The meaning of an advertisement

Bad Ad

In your January 11, 2013, issue, you ran an advertisement for a film produced by Catholics for Choice. Why would you publish something promoting an anti-Catholic, proabortion movie? I know it makes Commonweal appear broad-minded, but many practicing Catholics think it makes you look foolish, and that printing such an ad is disrespectful to sincere Catholics.

Laurence Burns
Grand Rapids, Mich.


Out of Context

I was profoundly saddened to find a full-page advertisement from Catholics for Choice (CFC) on the inside front cover of your January 11 issue. I rely on Commonweal for a deeper examination of the joys and anguishes one encounters as a Catholic. To find this ad in your magazine—for a group as antithetical to Catholic teaching as is CFC—does not bode well for the direction of the magazine. The ideas promoted by Catholics for Choice should be considered only in the context of an editorial or an article. Running the ad represents a conflict of interest because advertisers regularly direct the content of magazines by underwriting their production. I want to see the continued, Catholic, unbiased search for truth that I associate with Commonweal. On the back cover of the same issue, you published a house ad featuring a young college student who readers might help to “understand the issues facing contemporary society” by contributing to the magazine’s College Subscription Program. Why should I pay to help send CFC’s ad to her? Will your implied acceptance of CFC’s message help her find joy and truth within the community of believers, or will it reinforce the view that the immediate, self-centered good is in fact the ultimate good?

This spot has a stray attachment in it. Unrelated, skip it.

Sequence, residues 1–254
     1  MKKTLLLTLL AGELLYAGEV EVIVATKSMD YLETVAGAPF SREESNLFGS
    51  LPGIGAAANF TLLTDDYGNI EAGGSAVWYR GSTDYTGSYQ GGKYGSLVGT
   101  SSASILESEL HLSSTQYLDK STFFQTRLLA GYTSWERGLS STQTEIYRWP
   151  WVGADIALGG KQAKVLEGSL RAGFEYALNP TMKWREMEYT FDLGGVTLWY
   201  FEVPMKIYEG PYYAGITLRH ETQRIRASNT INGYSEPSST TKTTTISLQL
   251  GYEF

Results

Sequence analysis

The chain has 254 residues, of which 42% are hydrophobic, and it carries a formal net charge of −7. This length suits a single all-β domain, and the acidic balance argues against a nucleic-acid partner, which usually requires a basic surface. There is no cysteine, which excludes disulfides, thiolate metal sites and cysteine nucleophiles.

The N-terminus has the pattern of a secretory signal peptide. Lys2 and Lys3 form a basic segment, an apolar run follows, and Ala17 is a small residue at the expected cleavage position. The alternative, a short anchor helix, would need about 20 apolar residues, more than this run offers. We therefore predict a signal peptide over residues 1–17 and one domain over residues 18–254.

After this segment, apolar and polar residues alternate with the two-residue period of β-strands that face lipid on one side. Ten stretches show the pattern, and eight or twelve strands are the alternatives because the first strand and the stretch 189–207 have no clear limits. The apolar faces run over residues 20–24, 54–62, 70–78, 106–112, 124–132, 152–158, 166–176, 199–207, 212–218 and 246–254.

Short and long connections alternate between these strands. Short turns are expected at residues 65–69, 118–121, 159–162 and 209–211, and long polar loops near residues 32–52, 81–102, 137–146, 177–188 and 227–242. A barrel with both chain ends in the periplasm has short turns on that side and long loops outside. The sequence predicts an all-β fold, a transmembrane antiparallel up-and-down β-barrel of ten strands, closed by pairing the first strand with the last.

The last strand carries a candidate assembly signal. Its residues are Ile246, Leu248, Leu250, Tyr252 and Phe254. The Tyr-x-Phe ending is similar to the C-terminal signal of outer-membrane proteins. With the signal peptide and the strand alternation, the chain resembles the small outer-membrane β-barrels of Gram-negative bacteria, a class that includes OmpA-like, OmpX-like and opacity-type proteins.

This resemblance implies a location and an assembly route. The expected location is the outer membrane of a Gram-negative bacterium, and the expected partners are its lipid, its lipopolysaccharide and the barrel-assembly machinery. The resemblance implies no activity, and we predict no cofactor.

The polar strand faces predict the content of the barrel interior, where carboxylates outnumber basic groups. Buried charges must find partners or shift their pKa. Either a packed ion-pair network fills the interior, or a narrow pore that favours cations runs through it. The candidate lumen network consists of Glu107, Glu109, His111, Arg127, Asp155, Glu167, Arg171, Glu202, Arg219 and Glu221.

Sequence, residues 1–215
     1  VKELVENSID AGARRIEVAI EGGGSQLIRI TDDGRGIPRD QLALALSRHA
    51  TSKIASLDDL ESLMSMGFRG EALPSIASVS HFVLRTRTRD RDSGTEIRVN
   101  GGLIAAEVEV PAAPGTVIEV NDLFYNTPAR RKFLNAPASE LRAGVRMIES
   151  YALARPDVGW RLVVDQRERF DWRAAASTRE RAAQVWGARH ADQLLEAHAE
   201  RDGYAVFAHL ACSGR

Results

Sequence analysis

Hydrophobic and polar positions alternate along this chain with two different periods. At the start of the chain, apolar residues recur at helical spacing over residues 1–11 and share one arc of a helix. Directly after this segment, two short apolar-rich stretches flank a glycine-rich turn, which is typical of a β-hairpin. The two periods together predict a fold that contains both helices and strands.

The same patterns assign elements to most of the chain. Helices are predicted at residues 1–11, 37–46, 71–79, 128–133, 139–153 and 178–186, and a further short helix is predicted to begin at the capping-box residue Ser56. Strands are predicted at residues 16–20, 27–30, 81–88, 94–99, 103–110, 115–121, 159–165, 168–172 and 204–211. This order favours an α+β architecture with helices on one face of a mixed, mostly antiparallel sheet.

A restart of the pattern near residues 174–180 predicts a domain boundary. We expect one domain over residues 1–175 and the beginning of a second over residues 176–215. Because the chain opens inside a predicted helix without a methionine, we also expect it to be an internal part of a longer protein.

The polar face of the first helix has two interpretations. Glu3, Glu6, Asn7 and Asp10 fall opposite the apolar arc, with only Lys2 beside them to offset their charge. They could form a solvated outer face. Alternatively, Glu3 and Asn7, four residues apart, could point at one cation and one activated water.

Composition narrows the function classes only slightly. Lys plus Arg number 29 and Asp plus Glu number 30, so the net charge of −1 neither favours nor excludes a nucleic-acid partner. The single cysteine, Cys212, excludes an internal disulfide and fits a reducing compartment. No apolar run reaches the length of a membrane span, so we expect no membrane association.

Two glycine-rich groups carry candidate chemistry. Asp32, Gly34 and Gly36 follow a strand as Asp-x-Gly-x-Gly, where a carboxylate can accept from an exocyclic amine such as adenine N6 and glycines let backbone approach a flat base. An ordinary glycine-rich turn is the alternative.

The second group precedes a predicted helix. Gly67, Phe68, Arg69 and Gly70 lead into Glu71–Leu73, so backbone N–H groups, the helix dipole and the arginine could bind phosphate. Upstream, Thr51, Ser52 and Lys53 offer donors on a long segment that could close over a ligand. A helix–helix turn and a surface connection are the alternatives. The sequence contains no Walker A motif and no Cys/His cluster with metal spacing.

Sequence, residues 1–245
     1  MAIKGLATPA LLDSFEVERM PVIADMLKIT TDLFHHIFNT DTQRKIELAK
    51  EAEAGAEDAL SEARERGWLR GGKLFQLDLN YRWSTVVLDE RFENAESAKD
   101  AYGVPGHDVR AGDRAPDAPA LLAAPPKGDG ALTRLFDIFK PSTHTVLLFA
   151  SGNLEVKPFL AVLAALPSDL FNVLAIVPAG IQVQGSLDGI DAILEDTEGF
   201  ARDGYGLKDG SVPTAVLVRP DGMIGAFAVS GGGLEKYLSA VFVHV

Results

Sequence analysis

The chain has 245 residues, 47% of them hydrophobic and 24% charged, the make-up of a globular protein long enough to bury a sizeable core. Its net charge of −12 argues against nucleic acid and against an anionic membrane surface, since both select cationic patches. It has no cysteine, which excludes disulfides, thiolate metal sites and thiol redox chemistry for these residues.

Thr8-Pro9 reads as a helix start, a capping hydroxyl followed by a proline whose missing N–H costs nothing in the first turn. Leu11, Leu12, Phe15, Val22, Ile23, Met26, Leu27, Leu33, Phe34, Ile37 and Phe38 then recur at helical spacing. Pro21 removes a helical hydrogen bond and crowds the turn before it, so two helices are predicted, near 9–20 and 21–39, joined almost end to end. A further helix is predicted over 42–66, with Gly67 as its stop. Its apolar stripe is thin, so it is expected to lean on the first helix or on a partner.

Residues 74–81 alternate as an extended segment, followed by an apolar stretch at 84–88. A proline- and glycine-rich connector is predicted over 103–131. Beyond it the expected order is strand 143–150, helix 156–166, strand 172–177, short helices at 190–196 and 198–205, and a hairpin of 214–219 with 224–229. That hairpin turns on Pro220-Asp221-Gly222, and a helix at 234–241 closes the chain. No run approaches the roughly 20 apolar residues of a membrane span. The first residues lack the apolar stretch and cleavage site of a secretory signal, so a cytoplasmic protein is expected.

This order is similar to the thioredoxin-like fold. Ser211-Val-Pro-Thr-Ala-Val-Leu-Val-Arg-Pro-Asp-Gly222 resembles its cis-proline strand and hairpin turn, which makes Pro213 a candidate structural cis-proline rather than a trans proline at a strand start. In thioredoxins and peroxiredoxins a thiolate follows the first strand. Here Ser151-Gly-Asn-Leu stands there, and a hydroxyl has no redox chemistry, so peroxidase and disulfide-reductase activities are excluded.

Tim Pratt
Salt Lake City, Utah


It’s Not Me, It’s You

Today I canceled my subscription. Your decision to publish an ad from Catholics for Choice—and to place it inside the front cover—raises serious doubts about your claim to be independent and Catholic.

I have subscribed for twenty years. Over that time, I’ve enjoyed Commonweal’s editorial bent—truly challenging yet always faithful to the magisterium. By running this ad you have endorsed a view of conscience as absolute. I will miss Commonweal, but even though I’m saddened, I’m losing a friend I no longer recognize.

Timothy Kitzke
Milwaukee, Wis.


The Editors Reply

We thank Lawrence Burns, Tim Pratt, and Timothy Kitzke for their letters, and we wish to assure them that, as any regular reader of the magazine knows, Commonweal shares their skepticism and unease about the agenda of Catholics for Choice. Inevitably there is an element of subjective judgment involved in accepting or rejecting an ad, especially from an advocacy group. Many readers object when we run advertisements for military chaplains, either on pacifist grounds or because they judge recent U.S. military interventions to contradict well-established Catholic teaching. We understand the objection, but unless there is evidence to the contrary, we assume the goodwill and moral sincerity of those who wish to place ads with us on disputed moral or political issues. Commonweal publishes authors who disagree with the opinions of the editors and the teachings of the church, and our ad spots are similarly open to a variety of institutions and viewpoints. Ads are not endorsements. Thus, if an advertisement avoids outright distortion or demagoguery, we are inclined to accept it. In this instance, we viewed the movie being advertised. Although the arguments made by those interviewed were not persuasive, neither were they complete distortions or demagogic. Opinions advanced in a civil and measured way deserve a hearing, and it would be a mistake to pretend that there are no Catholics who think this way about abortion—or to silence those who do.

Published in the 2013-02-22 issue: 
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